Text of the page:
José Manuel Barroso: “How is Britain so open to the world, but so closed to Europe?”

Outside Europe, Britain will be reduced to the role of a “Norway or Switzerland”, warns the president of the European Commission, José Manuel Barroso, in conversation with the NS guest editor.

Click here to read extracts from the wide-ranging discussion

Tony Blair on his friend Philip Gould

Writing in this special issue, Tony Blair reflects on his relationship with Philip Gould, the Labour Party consultant who died in November last year:

Philip was always a great writer. His notes to me during the 13 years I led the Labour Party were always so beautifully expressed that I used to say that they beguiled me, persuading me of the validity of the view just by the manner of telling it. 

As a strategist and pollster, Gould was a “genius”, Blair writes, in part for “his ability to step back from the data and surface noise”:

He often wrote in tactics; but he saved his best for strategy. In strategy he was the master: regularly challenging the conventional wisdom and always coming out with a solution to the problem, not just an analysis of it.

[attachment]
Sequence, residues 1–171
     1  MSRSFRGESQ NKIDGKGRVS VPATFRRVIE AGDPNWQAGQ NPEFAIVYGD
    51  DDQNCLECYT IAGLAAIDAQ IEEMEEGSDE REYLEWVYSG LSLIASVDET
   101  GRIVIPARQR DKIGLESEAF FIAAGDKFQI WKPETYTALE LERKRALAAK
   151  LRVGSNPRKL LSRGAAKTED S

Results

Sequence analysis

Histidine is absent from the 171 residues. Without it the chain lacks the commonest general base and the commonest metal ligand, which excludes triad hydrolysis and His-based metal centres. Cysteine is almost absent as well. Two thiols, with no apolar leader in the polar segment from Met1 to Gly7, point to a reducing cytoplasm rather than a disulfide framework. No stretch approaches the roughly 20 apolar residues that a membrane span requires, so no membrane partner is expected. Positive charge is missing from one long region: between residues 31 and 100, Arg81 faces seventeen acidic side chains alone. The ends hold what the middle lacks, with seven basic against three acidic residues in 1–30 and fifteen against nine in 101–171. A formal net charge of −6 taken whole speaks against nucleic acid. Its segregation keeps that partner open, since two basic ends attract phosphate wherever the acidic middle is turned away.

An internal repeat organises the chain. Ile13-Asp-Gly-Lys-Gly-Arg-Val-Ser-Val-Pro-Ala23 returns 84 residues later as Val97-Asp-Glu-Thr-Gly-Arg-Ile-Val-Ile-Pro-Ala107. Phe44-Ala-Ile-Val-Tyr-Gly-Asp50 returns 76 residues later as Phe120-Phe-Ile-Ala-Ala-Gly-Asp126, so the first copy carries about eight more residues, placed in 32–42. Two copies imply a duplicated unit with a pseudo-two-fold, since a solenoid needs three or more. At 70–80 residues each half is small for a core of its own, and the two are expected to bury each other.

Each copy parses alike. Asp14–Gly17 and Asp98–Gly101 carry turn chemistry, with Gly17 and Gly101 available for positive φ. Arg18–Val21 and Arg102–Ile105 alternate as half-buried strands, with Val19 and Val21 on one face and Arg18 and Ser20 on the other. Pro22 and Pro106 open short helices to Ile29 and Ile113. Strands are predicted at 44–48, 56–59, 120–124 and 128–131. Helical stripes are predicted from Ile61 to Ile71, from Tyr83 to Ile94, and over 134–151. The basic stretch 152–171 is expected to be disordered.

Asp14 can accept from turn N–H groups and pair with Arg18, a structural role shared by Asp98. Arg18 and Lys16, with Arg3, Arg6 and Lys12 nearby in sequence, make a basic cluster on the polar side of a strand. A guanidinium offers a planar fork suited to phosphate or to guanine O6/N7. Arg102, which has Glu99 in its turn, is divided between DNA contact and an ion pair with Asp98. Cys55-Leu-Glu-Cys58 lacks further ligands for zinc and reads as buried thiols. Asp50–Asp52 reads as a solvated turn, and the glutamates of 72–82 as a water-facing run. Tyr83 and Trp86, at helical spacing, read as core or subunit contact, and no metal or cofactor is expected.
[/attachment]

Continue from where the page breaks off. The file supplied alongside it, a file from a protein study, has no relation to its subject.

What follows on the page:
Gould’s book When I Die: Lessons from the Death Zone concludes with the words: “I am approaching the door marked death. What lies beyond it may be the worst of things. But I believe it will be the best of things.” Blair describes how those words by his friend affected him:

I knew Philip. But I felt as I read this that I was being introduced to someone new, someone different. This is a book that will give you pleasure and peace.

David Walliams interviews Russell Brand

Given the offer by David Miliband to interview whomever he wished for this issue of the New Statesman, the actor and author David Walliams chose Russell Brand, his “wildly famous” friend, a “cross between the Artful Dodger and Harry Flashman”. 

On Britishness and patriotism, Brand tells Walliams:

When I’m spending a lot of time in Los Angeles, I consider myself countercultural; I don’t think of myself as an establishment figure. But over here, if I see an image of Her Majesty the Queen, I wince with national pride.

Asked when he sees such an image of the monarch, Brand makes an intimate confession:

I’ve had her tattooed on my inner thigh. And I spend quite a lot of time staring at that.

The two comedians turn to politics; Brand revealing that he has never voted in his life (“It’s gestural politics”) and suggesting an alternative he thinks would be more representative of the electorate:

I’d like to see spirituality brought to the forefront of life. I think that socialism is the politicisation of spirituality. I think we have a cultural obligation to regard the whole as more significant than the individual.